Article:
Infrastructure // PC & Servers
Commentary
7/23/2007
01:52 PM
Alice LaPlante
Alice LaPlante
Commentary
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Dark Linings In Those Municipal Wi-Fi Clouds

More news that the already controversial municipal Wi-Fi projects are getting bogged down by technical, administrative, and political challenges came in the form of reports that the Wireless Silicon Valley project is in big trouble.

More news that the already controversial municipal Wi-Fi projects are getting bogged down by technical, administrative, and political challenges came in the form of reports that the Wireless Silicon Valley project is in big trouble.What would be the largest municipal wireless network in the world -- costing between $100 million and $150 million and serving several million residents and businesspeople in 44 cities -- is now undergoing a major review and cost-benefit analysis by six of the participating cities and the county of Santa Clara to determine if they should proceed with the project.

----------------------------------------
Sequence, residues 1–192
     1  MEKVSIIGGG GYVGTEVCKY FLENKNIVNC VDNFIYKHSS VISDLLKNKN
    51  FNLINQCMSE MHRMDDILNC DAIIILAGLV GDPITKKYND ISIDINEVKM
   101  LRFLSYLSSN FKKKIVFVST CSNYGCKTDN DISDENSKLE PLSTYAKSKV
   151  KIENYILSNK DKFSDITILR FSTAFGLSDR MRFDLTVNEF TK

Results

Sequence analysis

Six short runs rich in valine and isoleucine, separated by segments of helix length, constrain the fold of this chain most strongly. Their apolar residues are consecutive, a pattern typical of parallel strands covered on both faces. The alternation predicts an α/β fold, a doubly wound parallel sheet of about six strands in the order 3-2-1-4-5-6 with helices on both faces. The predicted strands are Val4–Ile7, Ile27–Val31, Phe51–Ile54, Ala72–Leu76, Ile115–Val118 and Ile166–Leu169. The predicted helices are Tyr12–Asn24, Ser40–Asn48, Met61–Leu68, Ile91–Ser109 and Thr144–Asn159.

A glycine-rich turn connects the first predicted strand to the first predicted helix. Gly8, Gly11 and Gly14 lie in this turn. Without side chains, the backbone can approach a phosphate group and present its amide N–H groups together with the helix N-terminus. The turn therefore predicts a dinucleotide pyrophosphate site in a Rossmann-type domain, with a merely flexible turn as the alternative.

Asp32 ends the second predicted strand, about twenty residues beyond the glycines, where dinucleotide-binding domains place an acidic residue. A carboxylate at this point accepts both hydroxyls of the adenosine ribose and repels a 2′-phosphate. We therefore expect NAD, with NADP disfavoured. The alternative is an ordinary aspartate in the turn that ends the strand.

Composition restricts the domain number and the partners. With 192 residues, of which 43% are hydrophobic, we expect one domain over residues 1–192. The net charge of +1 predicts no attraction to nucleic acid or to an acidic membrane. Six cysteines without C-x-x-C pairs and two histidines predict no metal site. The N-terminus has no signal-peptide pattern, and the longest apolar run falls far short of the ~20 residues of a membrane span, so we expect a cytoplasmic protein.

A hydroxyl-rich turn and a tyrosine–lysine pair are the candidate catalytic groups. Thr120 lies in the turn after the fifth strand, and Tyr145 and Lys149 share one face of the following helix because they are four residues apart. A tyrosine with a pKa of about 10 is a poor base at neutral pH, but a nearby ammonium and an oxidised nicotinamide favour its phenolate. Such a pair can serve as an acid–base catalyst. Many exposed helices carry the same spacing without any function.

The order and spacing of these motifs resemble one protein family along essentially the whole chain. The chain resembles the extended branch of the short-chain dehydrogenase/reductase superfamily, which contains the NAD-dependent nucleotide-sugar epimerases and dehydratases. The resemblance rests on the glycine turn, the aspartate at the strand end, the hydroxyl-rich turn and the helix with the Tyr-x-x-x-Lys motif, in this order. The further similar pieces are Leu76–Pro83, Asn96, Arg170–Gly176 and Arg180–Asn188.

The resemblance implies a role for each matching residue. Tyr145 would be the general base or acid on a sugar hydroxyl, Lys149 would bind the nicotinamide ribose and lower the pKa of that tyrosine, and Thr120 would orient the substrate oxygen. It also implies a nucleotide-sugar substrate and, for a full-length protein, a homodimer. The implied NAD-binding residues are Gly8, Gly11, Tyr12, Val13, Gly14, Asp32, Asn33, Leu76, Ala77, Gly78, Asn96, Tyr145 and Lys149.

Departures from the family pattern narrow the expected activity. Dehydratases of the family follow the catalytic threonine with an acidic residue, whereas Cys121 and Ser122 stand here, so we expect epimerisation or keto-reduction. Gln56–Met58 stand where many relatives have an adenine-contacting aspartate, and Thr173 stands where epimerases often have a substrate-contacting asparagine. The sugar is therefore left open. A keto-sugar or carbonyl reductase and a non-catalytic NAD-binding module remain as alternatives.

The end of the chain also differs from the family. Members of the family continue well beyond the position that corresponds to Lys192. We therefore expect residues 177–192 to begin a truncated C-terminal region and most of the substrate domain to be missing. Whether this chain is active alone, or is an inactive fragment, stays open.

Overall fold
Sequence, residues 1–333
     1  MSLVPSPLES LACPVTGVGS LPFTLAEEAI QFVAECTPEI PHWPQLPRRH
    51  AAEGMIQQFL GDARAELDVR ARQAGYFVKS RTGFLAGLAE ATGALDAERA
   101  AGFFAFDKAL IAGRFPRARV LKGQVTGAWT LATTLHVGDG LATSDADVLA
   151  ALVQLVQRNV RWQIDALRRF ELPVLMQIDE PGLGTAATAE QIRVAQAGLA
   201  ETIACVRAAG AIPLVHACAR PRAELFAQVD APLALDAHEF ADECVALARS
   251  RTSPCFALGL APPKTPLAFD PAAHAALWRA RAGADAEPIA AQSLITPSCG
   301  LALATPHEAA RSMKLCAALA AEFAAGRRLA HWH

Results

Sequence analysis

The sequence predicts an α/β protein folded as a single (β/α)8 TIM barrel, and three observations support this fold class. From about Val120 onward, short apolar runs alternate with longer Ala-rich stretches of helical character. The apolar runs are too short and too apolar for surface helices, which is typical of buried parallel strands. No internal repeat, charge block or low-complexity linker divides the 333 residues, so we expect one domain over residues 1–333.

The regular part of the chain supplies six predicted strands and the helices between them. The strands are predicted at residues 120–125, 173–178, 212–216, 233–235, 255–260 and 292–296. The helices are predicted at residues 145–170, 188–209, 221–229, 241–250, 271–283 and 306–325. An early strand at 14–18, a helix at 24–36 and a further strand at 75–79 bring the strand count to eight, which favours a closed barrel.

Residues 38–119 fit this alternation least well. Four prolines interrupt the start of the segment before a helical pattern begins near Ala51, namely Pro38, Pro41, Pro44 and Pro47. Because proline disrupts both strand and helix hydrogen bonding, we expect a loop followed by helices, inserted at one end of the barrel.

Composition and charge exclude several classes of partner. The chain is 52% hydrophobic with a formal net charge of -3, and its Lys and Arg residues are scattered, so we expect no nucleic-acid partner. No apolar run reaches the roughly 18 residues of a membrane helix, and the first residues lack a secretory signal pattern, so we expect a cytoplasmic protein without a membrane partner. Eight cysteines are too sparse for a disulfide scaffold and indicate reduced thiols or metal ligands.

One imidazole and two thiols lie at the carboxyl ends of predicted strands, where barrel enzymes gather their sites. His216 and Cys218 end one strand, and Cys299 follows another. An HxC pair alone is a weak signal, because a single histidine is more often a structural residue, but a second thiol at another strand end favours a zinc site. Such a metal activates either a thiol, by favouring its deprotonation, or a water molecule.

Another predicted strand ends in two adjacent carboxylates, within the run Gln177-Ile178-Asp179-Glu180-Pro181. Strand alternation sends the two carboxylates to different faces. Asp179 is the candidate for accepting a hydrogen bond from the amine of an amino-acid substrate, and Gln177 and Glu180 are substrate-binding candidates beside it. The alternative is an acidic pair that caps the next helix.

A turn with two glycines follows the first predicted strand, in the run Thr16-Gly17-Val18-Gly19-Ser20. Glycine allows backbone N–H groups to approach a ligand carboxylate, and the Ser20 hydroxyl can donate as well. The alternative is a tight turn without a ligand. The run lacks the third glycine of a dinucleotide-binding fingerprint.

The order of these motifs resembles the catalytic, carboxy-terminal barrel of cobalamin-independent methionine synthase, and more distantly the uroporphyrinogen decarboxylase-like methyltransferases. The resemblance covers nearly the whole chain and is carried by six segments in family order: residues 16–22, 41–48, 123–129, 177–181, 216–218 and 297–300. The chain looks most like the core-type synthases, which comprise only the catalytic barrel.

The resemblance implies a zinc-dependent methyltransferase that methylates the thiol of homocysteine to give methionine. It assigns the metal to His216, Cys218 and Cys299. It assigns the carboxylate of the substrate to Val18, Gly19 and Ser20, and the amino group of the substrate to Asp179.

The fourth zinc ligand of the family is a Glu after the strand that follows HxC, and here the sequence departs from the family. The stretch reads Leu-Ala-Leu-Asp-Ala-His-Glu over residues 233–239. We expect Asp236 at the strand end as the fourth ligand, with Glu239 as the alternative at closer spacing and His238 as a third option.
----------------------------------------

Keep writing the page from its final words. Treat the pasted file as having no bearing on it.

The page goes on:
This follows on an April announcement by EarthLink that a $29.96 million loss in its most recent quarter is causing it to re-evaluate its Wi-Fi projects in Philadelphia, Anaheim, Milpitas, Calif., and New Orleans before it moves forward with other, similar projects.

And in general, people are questioning whether municipal Wi-Fi is all that good an idea -- or a solution in search of a problem. Bad news that some of the most eager advocates for the concept of municipal Wi-Fi are now backing down.

As one of the people (and small businesses) that would benefit from Wireless Silicon Valley, I was disappointed to hear about delays in implementation. Nothing sounds more attractive than being completely untethered wherever I go in my community. And the possibility that I would have more cost-effective broadband options than those very expensive ones currently offered by my cable and telecom providers is very welcome indeed. As Paul Krugman points out in today's New York Times, the United States is rapidly falling behind the rest of the world in its adoption of broadband -- and thus leading-edge Internet-based applications -- due to our lack of provider options. (Registration required.)

What are your thoughts on this? Does your city currently offer free Wi-Fi? Would you like it if it did? How would that affect your professional and personal use of the Internet? Let us know by responding to the InformationWeek blog.

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